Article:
What Is an Example of a Discrimination Sample Letter?
If you have experienced racial discrimination in the workplace, you will need to send a letter to your human resources department to notify them. Here is a racial discrimination sample letter:
Dear Human Resources Manager,
I am employed as a warehouse worker within your company. This is a formal complaint of racial discrimination in the workplace that I have been subjected to, and this is my request that you investigate my allegations and take appropriate action to remedy it and stop it. The harasser is my coworker, Mark Jones. The following events are among those that I consider as discrimination:
On August 12, 2020, Mr. Jones approached me during our afternoon break while we were in the employee lounge. He told me that I was doing a fairly good job, but I needed to refer to him as my master. I told him I did not appreciate those comments and was offended. He simply laughed.
On August 19, 2020, I was working my shift and Mr. Jones approached me in the warehouse. He told me he did not like my haircut because people of my color didn’t wear hairstyles like that. He then said I should remember where I came from.
I would appreciate the opportunity to meet with you so we can discuss this situation in person. I would like to see this matter addressed promptly and I want the harassment to stop.
Thank you for your help in this matter. I look forward to hearing from you.
What Are Some Examples of Race Discrimination?
According to Title VII of the Civil Rights Act of 1964, employers cannot discriminate against workers based on several demographic factors, including race. However, far too many employers continue to discriminate based on race such as refusing to give a promotion to a qualified worker from a minority race. If you face race discrimination at work, you should follow a few steps to take corrective action.
First, you must gather and organize persuasive evidence. In our example of a denied promotion, you can submit copies of positive employee performance reviews that establish your professional credentials to advance in your organization. You also can submit the results of professional examinations that test your knowledge about the job that you want to receive a promotion for at work.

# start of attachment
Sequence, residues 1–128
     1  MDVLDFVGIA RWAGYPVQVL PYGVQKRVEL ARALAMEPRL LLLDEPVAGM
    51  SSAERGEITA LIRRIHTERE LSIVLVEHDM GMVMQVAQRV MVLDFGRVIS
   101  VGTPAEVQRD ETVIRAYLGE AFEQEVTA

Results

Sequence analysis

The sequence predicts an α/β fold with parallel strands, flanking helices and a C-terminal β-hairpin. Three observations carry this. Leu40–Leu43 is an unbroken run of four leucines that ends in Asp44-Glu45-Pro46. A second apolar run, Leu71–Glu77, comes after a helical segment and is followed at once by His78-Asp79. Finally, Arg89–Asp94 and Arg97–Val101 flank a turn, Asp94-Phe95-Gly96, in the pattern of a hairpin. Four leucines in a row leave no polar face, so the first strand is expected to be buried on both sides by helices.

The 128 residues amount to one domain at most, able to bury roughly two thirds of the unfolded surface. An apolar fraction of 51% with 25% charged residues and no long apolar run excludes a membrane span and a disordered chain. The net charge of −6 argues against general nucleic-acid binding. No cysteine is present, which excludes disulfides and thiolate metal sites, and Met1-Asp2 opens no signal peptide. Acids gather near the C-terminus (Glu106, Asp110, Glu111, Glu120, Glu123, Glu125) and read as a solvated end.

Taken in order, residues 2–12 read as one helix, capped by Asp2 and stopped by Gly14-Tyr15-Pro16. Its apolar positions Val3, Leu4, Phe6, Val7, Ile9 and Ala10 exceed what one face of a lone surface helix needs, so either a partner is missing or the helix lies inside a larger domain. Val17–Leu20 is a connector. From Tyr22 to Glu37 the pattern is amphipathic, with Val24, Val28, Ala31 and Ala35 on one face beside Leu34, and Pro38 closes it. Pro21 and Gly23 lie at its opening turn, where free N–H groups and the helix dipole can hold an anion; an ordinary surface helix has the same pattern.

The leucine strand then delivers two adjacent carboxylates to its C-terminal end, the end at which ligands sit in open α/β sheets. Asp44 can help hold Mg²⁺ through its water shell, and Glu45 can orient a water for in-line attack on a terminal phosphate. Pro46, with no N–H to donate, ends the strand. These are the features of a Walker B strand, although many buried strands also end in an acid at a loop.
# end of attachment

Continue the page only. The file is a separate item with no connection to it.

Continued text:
Second, contact an employment lawyer to discuss your case. An employment attorney helps you collect and organize additional documents if the lawyer feels you need to submit more convincing evidence. Your employment attorney also interviews witnesses that support your claim of race discrimination at work.
Third, you have to provide your employer with a notice of lawsuit intent if your employment lawyer recommends filing a civil lawsuit that seeks monetary damages. State and federal courts typically prefer litigants to attempt to resolve discrimination cases before a worker files a formal complaint with the Equal Employment Opportunity Commission (EEOC).
Finally, your attorney files a formal complaint with the EEOC, as well as a civil lawsuit, if there does not appear to be a resolution to your case forthcoming. After filing a complaint and a civil lawsuit, your employment attorney prepares you to interview with the EEOC and answer questions under oath during a civil trial.
Racial Discrimination Procedures
Every employer should have a set of procedures in place to handle racial discrimination claims. Those policies and procedures should start with a written racial discrimination policy that should be printed in the employee handbook. If it’s not in the handbook it may in the packet of information you received when you started work. If you don’t have a copy of your employer’s racial discrimination policy, ask for a copy.
There is a specific procedure used to file a racial discrimination complaint so you should ask HR for a copy of that procedure outline if you weren’t given one when you started working or if there isn’t one in the employee handbook.
You can follow the policies and procedures given by your employer to craft a letter complaining about racial discrimination in the workplace. If you’re going to file a complaint with the EEOC or with your state’s labor board those organizations may also have a specific form that you need to fill out in order to file a racial discrimination claim.
In addition to the racial discrimination complaint letter that you write you will need to submit evidence that documents your experience of racial discrimination. Include as much evidence as you can with your complaint to make your complaint stronger. Copies of emails, memos, texts, group chats, Slack or Teams messages, photos, and other evidence will help prove your complaint. If you’re not sure what evidence you should include with a racial discrimination letter to your employer you can talk to an employment attorney to get advice on your specific situation.
Can I Get Help With My Racial Discrimination Letter?
Employment law claims can be challenging. If you think you are the victim of racial discrimination in the workplace, you should speak with an employment law attorney who handles such claims in your area.
When you meet with the lawyer, go over payment plans. However, your initial consultation will be free of charge.
You do have a limited time for pursuing a racial discrimination claim after an incident in the workplace, so do not wait too long to get your claim underway.
Complete the Free Case Evaluation Form on this page to share the details of your racial discrimination in the workplace incident.
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- Gathering Evidence For Racial Discrimination
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- What Is National Origin Discrimination?
- What is the Difference Between Direct and Indirect Discrimination?
- What is the CROWN Act?